As Turkey, alongside Saudi Arabia and Qatar see the balance of power in the Syrian proxy war effectively shift back towards the Assad regime, recent trial balloons and troop buildups could be a game changer in the ongoing conflict. The rising probability of a wider conflict unfolding in the region means that Syria could be the spark that lights an even larger fire. So far oil prices have responded in similar fashion to “buy the rumor” and “sell the news”. The rapid rally higher comes on the heels of data from OPEC and other global output centers showing in many cases production is continuing to rise. Now that peace talks in Switzerland have stalled between the parties, a growing offensive from pro-regime forces in Aleppo may finally tip the scales in the conflict, setting the stage for a regional war and a greater risk premium for crude.

Stakes Are High

After persistent efforts to unseat Bashar al-Assad have resulted in repeated failures following expanded foreign intervention from the regime’s supporters, long-time backers of the rebels are now reassessing the situation. With the rebels increasingly encircled in Aleppo, should the city fall, it would mark a turning point in civil war. Now that the momentum has shifted in favor of the Russian led operation to rout out rebels and IS, Turkey is reportedly growing its military presence opposite the Syrian border, amassing for a possible invasion and potentially dragging in NATO. This has set off tensions across the region with Russia’s defense ministry warning about ongoing preparations.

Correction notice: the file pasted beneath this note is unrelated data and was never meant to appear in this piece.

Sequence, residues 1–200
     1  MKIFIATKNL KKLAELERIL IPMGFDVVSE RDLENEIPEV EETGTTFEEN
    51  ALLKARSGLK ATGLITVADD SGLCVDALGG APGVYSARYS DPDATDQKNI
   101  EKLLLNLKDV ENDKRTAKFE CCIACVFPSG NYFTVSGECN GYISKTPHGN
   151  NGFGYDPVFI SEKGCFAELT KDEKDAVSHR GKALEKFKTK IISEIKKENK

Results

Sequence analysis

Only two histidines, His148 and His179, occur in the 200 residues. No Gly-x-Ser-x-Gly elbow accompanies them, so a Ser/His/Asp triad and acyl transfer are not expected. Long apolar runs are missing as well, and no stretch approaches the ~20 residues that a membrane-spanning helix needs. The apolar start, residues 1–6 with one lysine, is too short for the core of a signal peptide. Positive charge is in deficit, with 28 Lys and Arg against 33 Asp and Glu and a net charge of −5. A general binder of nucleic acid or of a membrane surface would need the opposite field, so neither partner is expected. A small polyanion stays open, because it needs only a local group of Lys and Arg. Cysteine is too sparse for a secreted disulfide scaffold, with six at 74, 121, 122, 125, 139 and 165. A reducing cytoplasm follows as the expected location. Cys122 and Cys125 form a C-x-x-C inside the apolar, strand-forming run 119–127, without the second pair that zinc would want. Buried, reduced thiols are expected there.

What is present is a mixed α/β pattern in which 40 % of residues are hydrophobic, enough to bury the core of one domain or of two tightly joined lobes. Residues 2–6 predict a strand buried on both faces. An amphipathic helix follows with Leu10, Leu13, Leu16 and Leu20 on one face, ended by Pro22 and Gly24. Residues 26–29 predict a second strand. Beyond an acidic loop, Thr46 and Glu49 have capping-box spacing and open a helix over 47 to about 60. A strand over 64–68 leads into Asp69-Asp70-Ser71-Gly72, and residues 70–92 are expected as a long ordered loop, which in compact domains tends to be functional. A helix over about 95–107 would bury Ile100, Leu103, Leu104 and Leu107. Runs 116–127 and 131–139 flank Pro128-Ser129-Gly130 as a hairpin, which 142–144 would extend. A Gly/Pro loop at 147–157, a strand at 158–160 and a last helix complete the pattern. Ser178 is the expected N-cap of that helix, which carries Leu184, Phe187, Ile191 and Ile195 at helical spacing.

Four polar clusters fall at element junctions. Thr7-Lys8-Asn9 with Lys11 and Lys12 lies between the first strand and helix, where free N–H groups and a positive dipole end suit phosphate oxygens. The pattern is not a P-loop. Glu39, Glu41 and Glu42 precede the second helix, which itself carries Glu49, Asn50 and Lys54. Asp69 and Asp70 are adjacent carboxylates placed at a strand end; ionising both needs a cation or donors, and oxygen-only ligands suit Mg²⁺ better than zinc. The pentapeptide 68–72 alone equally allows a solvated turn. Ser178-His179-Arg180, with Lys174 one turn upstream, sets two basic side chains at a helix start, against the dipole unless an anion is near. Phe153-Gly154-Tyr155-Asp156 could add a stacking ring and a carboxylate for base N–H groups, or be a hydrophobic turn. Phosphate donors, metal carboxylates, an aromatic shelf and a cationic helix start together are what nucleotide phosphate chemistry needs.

Saudi Arabia has also offered to join the fray, issuing a trial balloon last week about the possibility of sending ground troops to fight IS alongside the coalition in Syria. The message that ensued from Syrian Foreign Minister Walid al-Moallem pledged several times that foreign troops entering the nation without permission would “return home in wooden coffins”. This multi-angular nature of the conflict dictates that in spite of fighting an ongoing civil war, the Assad regime now faces the threat of invasion.  This would likely provoke a strong reaction from the Russians and Iranians, dragging the region even closer to chaos. A regional war could ignite a conflict of global magnitude, adding to the growing risk premium in oil prices.

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